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In the diagram above, angle C = 90º and AC = BC. Point M is the midpo

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In the diagram above, angle C = 90º and AC = BC. Point M is the midpo  [#permalink]

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New post 11 Mar 2015, 04:56
3
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A
B
C
D
E

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  75% (hard)

Question Stats:

69% (03:28) correct 31% (03:33) wrong based on 172 sessions

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In the diagram above, angle C = 90º and AC = BC. Point M is the midpoint of AB. Arc AXB has its center at C, and passes through A and B. Arc AYB has its center at M and passes through A and B. The shaded region between the two arcs is called a “lune.” What is the ratio of the area of the lune to the area of triangle ABC?

A. 1
B. \(\frac{\pi}{2}\)
C. \(\frac{\pi}{3}\)
D. \(\frac{3\pi}{8}\)
E. \(\frac{4\pi}{9}\)

Kudos for a correct solution.

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Re: In the diagram above, angle C = 90º and AC = BC. Point M is the midpo  [#permalink]

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New post 11 Mar 2015, 05:58
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Hi
A very time consuming
have edited the pic for all the forum members
Answer in the pic attached

cheers..!!
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Re: In the diagram above, angle C = 90º and AC = BC. Point M is the midpo  [#permalink]

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New post 15 Mar 2015, 21:23
Bunuel wrote:
Image
In the diagram above, angle C = 90º and AC = BC. Point M is the midpoint of AB. Arc AXB has its center at C, and passes through A and B. Arc AYB has its center at M and passes through A and B. The shaded region between the two arcs is called a “lune.” What is the ratio of the area of the lune to the area of triangle ABC?

A. 1
B. \(\frac{\pi}{2}\)
C. \(\frac{\pi}{3}\)
D. \(\frac{3\pi}{8}\)
E. \(\frac{4\pi}{9}\)

Kudos for a correct solution.


MAGOOSH OFFICIAL SOLUTION:

This problem is based on a famous theorem of Hippocrates of Chios (c. 470 – c. 410 BCE), a predecessor of Euclid. The easiest way to see this is as follows.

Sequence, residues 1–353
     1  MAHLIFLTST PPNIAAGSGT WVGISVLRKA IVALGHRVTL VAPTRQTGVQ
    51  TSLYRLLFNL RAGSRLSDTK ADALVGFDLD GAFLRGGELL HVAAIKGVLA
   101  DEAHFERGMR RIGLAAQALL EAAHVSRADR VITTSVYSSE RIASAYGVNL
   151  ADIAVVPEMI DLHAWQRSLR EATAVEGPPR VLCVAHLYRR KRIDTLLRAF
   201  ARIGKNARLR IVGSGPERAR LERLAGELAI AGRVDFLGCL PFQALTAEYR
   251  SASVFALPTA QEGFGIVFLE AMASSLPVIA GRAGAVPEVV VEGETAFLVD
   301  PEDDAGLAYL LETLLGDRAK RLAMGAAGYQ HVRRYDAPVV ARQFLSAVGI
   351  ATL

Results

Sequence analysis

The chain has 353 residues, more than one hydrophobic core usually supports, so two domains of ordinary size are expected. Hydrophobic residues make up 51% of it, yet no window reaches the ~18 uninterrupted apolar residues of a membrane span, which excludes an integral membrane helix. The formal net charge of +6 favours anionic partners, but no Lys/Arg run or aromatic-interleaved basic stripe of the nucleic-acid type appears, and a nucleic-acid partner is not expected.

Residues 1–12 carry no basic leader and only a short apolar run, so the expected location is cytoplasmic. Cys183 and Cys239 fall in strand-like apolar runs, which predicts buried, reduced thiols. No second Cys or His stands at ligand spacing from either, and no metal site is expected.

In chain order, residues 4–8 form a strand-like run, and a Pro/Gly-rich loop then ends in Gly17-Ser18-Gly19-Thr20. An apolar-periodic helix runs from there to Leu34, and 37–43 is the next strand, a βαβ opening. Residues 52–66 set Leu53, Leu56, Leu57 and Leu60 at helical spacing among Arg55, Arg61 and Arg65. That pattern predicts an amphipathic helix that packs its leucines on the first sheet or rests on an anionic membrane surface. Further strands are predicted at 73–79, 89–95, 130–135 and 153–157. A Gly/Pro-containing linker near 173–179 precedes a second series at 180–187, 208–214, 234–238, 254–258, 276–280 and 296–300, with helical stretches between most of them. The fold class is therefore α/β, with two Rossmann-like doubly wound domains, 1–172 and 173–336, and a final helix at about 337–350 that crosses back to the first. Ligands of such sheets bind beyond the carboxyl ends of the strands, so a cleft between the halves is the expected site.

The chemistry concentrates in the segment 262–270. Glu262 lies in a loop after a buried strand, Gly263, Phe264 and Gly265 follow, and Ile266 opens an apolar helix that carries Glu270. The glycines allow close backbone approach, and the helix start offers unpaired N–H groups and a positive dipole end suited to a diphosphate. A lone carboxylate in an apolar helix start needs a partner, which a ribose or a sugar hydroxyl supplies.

Let AC = BC = 2S. This is the radius of the larger circle, which has an area of 4pi*S^2, so that the quarter circle:
Image
must have an area of pi*S^2. Hold that thought.

Now, notice that triangle ABC is a 45-45-90 triangle, so that the length of the hypotenuse must be
\(AB=2\sqrt{2}S\)
and the radius of the smaller circle is
\(AM=\sqrt{2}S\)

The area of that whole circle would be 2pi*S^2, and the area of the semicircle:
Image

would be half of that, pi*S^2. Thus, the quarter circle of the larger circle and semicircle of the smaller circle have the same area. That’s a very big idea!

Now, look at the circular segment:
Image


We don’t need to know that area: simply call it J.

If we subtract the circular segment, J, from the quarter circle of the bigger circle, we get the triangle:
pi*S^2 – J = area of triangle ABC

If we subtract the circular segment, J, from the semicircle of the smaller circle, we get the lune:
pi*S^2 – J = area of the lune

Because those two areas equal the same thing, they must equal each other.
area of triangle ABC = area of the lune

The two are equal, so their ratio is 1.

Answer = (A)
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Re: In the diagram above, angle C = 90º and AC = BC. Point M is the midpo  [#permalink]

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New post 21 Nov 2016, 20:03
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Let set \(AC=BC=x\)

We have \(S_{ABC}=\frac{x^2}{2}\)

\(AXBC\) is a quarter circle, so \(S_{AXBC}=\frac{\pi x^2}{4}\)

Hence \(S_{AMBX}=S_{AXBC}-S_{ABC}=\frac{\pi x^2}{4}-\frac{x^2}{2}\)

We have \(AB=x \sqrt{2}\) so \(AM=MB=\frac{x}{\sqrt{2}}\)

\(AYBM\) is a semi-circle, so \(S_{AYBM}=\frac{1}{2} \times \pi \times ( \frac{x}{\sqrt{2}} )^2=\frac{\pi x^2}{4}\)

Hence \(S_{AYBX}=S_{AYBM}-S_{AMBX}=\frac{\pi x^2}{4} - (\frac{\pi x^2}{4}-\frac{x^2}{2})=\frac{x^2}{2}\)

This means \(S_{AYBX}=S_{ABC}\).

The answer is A
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Re: In the diagram above, angle C = 90º and AC = BC. Point M is the midpo  [#permalink]

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New post 22 Aug 2018, 11:07
Don't mess with algebra. Assume that AC=BC=1. Calculations will be much easier and faster.
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Re: In the diagram above, angle C = 90º and AC = BC. Point M is the midpo   [#permalink] 22 Aug 2018, 11:07
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